What We’re Watching:
Coming of Age


films for times of transition: teenager to adult, self-deprecating to self-possessed, or fucked to even more fucked. 

By The film team


3.2.2022

This month, we each watched a film that focuses on a time of hormone-fueled transition, be it from teenager to adult, self-deprecating to self-possessed, or fucked to even more fucked.

Natalie Duerr


Real Women Have Curves (2002)



Real Women Have Curves is a film I wish I had watched a long time ago. The story follows Ana (America Ferrera) during the tender months between graduating high school and starting college. Her mom thinks she should delay college, stay at home in East Los Angeles and work in her sister's factory. Ana disagrees—the world that Ana's parents have built around her doesn't seem big enough anymore, and she applies to Columbia University. While the narrative centers on this mother-daughter conflict, it manages to deliver an intersectional story by incorporating aspects of the Mexican-American experience, factory working conditions, and body image into the narrative as well.

Perhaps my favorite scene from Real Women Have Curves is a moment when all of these themes collide. As the temperature rises in the dress factory, Ana takes her shirt off and encourages the other women to do the same. Ana's self-acceptance and carefree attitude towards her body mortifies her mother, who tells her to put her shirt back on. Instead, the other women take the shirts off and laugh as they compare their stretch marks and cellulite. I think a younger version of me who was insecure about their body would have felt immensely comforted by this celebration and seeing Ana love herself regardless of her weight, not despite it.


Maiya Pascouche


500 Days of Summer (2009)



Is it just me or is this movie actually a coming-of-age film?

Lizzie Racklin


Ghost World (2001)



In Ghost World, we follow disaffected teenagers Enid and Rebecca in the months following their high school graduation, which they don’t care about at all. Armed with disdain for the uncool (everyone) and cynicism for the contrived (everything), Enid and Rebecca refuse to go to college, instead focusing on their dream of living in an apartment together. However, as the reality of these dreams creeps closer, Enid pulls away, wary of Rebecca’s enthusiasm for plastic cups and built-in ironing boards (chic!). For someone who hates everything, growing up seems like the worst option. She and Rebecca wander through the Americana wasteland of their hometown, approaching their future with conflicting aspirations. Rebecca, though still perpetually annoyed and superior, seems ready to evolve, while Enid isn’t so sure.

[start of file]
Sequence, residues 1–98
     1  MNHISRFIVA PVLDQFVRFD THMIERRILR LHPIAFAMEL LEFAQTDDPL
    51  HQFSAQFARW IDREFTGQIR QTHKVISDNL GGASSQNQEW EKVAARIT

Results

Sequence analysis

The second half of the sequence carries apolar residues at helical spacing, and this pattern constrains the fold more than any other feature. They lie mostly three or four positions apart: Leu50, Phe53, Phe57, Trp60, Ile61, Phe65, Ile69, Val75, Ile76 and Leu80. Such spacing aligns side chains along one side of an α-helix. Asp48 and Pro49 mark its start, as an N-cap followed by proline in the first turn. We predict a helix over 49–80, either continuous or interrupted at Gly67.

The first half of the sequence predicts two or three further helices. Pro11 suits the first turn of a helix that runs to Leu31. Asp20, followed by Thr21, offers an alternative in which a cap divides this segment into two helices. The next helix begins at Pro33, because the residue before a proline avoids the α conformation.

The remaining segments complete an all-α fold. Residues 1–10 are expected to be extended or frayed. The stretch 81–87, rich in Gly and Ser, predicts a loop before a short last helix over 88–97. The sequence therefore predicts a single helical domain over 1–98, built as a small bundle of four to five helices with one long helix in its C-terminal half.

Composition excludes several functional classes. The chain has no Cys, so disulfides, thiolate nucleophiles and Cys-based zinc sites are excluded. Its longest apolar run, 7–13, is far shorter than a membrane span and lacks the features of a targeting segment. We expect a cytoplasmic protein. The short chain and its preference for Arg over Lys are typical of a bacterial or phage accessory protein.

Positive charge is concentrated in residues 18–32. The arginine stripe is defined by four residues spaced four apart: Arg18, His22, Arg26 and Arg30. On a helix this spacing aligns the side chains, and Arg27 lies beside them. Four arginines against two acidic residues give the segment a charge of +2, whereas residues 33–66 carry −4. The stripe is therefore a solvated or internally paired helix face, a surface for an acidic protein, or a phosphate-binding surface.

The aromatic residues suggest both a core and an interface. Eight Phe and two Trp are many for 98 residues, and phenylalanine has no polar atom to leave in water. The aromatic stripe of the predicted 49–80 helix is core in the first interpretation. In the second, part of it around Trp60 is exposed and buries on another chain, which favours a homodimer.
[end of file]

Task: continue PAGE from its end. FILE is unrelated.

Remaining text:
As her drawings go under-appreciated in her mandatory summer art class, Enid befriends Seymour, a 30-something who she sees as “the exact opposite of everything [she] really [hates].” In contrast to the “extroverted, obnoxious, pseudo-bohemian losers” she knows, Seymour slouches away from attention and obsessively collects old blues records. In other words, he shows her that she can, in fact, cling to her adolescent compulsions.

Just when Enid’s spiky cynicism and directionless discontentment and Thora Birch’s deadpan delivery begin to feel like a one-note caricature of teenage detachment, she shows the softness underneath. She dyes her hair green and, when she realizes that her 70s punk look is being misread as “modern,” she re-dyes it to its natural color. She dances around to a 1960s Bollywood movie. She sobs on her bed after a fight with her best friend. She feels the sting of everything just acutely as her victims feel the impact of her insults.

When Enid and Seymour’s relationship turns sexual, it’s fucking hard to watch—she’s vulnerable and he’s old and Steve Buscemi. Enid backtracks, tells Rebecca that she can’t move in with her and instead, feeling like a disappointment with no trajectory, boards an empty bus out of town. It’s up to the viewer where the bus is heading or what it means, but it’s a fitting ending to a bittersweet movie about embracing life’s letdowns. Barring the film’s touchy racial politics, there’s also an angle here on consumerism and conformity—a take that’s mirrored in the film’s departure from the keg party-filled, prom-obsessed teen movies of the 2000s (which we also love).

What does it mean to come of age? Does it mean you have a life-changing romance, learn to love yourself, and look sunnily to the future? Or can it mean you feel just as fucked as ever?

Following the coming-of-age formula, Enid and Rebecca would head off to the big city, full of love and dreams and butterflies. In Ghost World, teenage angst is honored with empathy and humor, and is then validated by being allowed to endure.